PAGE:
"I started out as a mechanics flunky at Hudson Bay Air Transport at the age of 13 years. Worked weekends and holidays cleaning grease, fetching tools, testing spark plugs, etc.; in payment I got to ride the right seat of the Norseman they had at that time. Even got in a bit of dual.
In 1946 I went to work, again after school and holidays, for Johanneson Flying Service.
Konnie Johanneson was an early operator in Winnipeg. Flight training and minor charter work. He set up at Channing, Manitoba on Schist Lake, the water base for aircraft operating in and out of Flin Flon. Started with a Waco Custom (I think was the model) CF-BDJ on skis and added A Stinson 104, a Cessna 140 CF-ELJ, a Norseman CF-BZM, and two Cessna Cranes CF-EZA & CF-EZG.
'EZA was a T-50 Heavy wing and we used it on both skis and floats.
' EZG had the light wing version and was licensed for skis or wheels only.
' JFS hauled fish from Reindeer Lake and prospectors to sites in and around the Lynn Lake area when Sherrit-Gordon Mining Co. had made a big nickel strike there.
In 1948 I joined the Royal Canadian Air Force and trained as a Communications Technician. I spent two years at that and then had to get a compassionate discharge and return to Flin Flon after my Father died suddenly at age 42.
I worked underground in the mines there while my Mom got reestablished.
In 1952 I re-joined the RCAF. Initial training on Harvards at Claresholm, Alberta, where my roommate was a Dutch trainee, Noel van der Haar. After 9 months I went to Saskatoon, Saskatchewan for training on Beech C-45s and B-25s.
Then to the Air Navigation School at Winnipeg, Manitoba. There I flew trainee navigators and radar operators around western Canada.
In 1955 I was transferred to Rockcliffe Air Base at Ottawa, #408 (Photo) Squadron. There I checked out on the DHC-3 Otter on wheels, skis and floats; the DC-3 Dakota, and managed some time on the Cansos and Lancasters, but not enough to qualify.
Flight operations with 408 ranged all over Northern Canada as far as Alert,NWT; Thule, Greenland and I even did a trip to T-3, one of the floating arctic ice islands...
In August 1957 I moved to #101 Comm. Flight at the Canadian Navy base at Shearwater(Halifax) Nova Scotia. There it was Daks and Expeditors.
In Nov. '58 I left the Air Force. Spent all the summer of '59 flying an Otter for Superior Airways out of Thunder Bay Ontario. Mostly in the high arctic regions with bases in Cambridge Bay and Resolute Bay.
November '59 I joined Hudson Bay Air Transport in Flin Flon. With them I flew Beavers. Otters, Mallard & Cessna 185.
In 1968 they decided to get into corporate jets and I was promoted to a DH-125 CF-OPC, based in Winnipeg and Toronto.
After two years the bean counters decided jet flying was too rich for the Company and I was out of a job!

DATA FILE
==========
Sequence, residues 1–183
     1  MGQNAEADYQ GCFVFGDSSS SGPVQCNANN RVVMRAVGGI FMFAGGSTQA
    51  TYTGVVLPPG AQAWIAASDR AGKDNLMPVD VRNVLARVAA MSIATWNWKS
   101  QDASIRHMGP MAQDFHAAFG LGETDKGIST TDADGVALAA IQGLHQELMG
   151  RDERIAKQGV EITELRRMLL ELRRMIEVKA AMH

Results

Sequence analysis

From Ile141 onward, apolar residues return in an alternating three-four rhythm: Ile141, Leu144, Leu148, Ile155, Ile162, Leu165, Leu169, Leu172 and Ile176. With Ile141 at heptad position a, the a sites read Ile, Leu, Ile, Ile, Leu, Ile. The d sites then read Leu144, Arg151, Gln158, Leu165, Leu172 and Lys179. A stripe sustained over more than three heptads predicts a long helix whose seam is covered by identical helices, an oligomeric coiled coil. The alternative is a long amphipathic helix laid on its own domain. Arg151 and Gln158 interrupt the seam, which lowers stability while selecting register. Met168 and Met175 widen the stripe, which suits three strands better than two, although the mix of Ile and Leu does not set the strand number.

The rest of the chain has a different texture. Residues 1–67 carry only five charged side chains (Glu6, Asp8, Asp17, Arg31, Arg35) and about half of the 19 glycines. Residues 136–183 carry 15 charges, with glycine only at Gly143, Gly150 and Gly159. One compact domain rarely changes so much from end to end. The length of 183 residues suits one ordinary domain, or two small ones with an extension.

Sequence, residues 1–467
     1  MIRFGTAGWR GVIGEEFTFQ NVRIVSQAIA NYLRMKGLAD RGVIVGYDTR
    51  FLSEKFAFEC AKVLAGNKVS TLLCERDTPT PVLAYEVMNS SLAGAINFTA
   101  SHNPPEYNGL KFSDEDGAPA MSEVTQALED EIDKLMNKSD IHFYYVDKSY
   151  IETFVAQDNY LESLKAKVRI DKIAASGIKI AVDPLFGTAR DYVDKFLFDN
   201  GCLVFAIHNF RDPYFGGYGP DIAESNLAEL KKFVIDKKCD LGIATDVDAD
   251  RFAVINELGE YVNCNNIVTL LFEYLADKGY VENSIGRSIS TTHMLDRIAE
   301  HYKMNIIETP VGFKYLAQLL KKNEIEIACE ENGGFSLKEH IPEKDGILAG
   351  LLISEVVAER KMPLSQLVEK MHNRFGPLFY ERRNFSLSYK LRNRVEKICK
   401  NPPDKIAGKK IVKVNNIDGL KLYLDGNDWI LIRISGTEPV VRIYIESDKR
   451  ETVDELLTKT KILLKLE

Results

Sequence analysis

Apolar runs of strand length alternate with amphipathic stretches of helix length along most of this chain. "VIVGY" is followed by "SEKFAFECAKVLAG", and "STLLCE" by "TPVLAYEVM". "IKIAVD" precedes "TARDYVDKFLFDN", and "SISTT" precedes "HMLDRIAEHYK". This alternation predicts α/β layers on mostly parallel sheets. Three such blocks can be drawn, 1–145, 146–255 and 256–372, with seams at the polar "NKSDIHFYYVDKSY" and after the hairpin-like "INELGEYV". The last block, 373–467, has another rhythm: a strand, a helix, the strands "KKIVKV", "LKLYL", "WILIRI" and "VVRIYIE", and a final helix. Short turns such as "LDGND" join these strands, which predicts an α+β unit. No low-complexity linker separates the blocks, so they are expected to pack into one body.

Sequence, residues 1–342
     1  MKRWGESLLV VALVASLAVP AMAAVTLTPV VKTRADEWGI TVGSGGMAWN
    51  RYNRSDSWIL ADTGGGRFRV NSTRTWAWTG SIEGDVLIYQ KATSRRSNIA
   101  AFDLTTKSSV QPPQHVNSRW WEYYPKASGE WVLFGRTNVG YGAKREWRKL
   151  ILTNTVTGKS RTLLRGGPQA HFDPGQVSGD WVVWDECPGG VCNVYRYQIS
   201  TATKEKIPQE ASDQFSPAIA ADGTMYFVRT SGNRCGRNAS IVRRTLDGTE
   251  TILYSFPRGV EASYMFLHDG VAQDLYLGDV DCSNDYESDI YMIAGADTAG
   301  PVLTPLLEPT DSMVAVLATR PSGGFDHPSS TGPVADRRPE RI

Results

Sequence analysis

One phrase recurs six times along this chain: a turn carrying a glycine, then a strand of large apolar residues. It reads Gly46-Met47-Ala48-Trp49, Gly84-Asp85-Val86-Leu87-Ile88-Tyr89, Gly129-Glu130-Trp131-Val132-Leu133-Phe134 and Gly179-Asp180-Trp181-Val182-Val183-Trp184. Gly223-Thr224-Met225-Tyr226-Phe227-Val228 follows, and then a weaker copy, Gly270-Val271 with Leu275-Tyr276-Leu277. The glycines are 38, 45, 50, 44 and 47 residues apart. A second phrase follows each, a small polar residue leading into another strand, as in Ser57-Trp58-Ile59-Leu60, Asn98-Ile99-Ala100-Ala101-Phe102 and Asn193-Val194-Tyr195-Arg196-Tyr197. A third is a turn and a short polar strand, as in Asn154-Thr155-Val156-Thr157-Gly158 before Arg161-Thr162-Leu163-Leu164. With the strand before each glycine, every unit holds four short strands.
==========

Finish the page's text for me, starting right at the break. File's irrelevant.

I filled in for awhile on a DC-3, flying from Hamilton, Ontario for Austin Airways. Mostly hauling goose hunters to and from the east coast of Hudson Bay: Cape Jones, Great Whale River, Fort George. CF-AAM and CF-AAB.
I then was hired by the then Department of Transport to work as an Aircraft Accident Investigator out of Toronto. Interesting, and several stories came out of that exercise that lasted 4 years.
Then one day HudBay called and offered me a job flying an IAI 1123.
I jumped at that and went to Tel Aviv to pick up a new one: C-GJCD. Man-Oh-Man, I could tell you about the problems we had with that beast!!!
Finally after losing an engine on a gross weight take-off at Laguardia I convinced them to upgrade to a new 1124. C-GMBH was a pilot's dream.
Along the way HudBay decided to move their head offices to New York City and we setup the flight department at Morristown, N.J. in 1983.
That went well until 1986 when they decided for various reasons to move the offices and flight operations to Sioux City, Iowa. Rather than move there I opted for an extremely generous severance and pension package and my family and I moved back to Canada.
I did some part-time, charter work out of Toronto on Citations and Westwinds, but finally decided to hang it all up in 1990, while I was still ahead of the game.
My logbooks show an uncooked 18,854 hours!"
Pat Donaghy wrote me in Sep.2012 with this on Norseman (the oldest still around) CF-BFT:
"Norseman CF-BFT, s/n 17, went into service in January 1939 with Hudson Bay Air Transport, a wholly-owned company of Hudson Bay Mining & Smelting Co. Ltd. of Flin Flon, Manitoba.
Alex More was the first pilot hired and went on to become Superintendent & Chief Pilot of HBAT. Alex retired in April 1967 and passed away in June 1977."
Hudson Bay Air Transport(HBAT) was a wholly owned subsidiary of Hudson Bay Mining & Smelting Co. (HBM&S) of Flin Flon Manitoba. Their first aircraft was a Mk IV Norseman s/n 17, registered as CF-BFT, purchased new in February 1939.
As it was wartime and mineral exploration and development had high priority it was essential that the aircraft be salvaged and returned to service as soon as possible.
The salvage of the aircraft was a very unique operation. Since there were no trees big enough to construct an 'A' frame for hoisting, it was decided to sink the aircraft to the bottom of the river and skid it ashore!
"Many may never have heard of Hudson Bay Air Transport because it was a non-commercial company and flew ONLY for Hudson Bay Mining & Smelting Company Ltd.
I came across ZS-ASN in Johannesburg in 2004.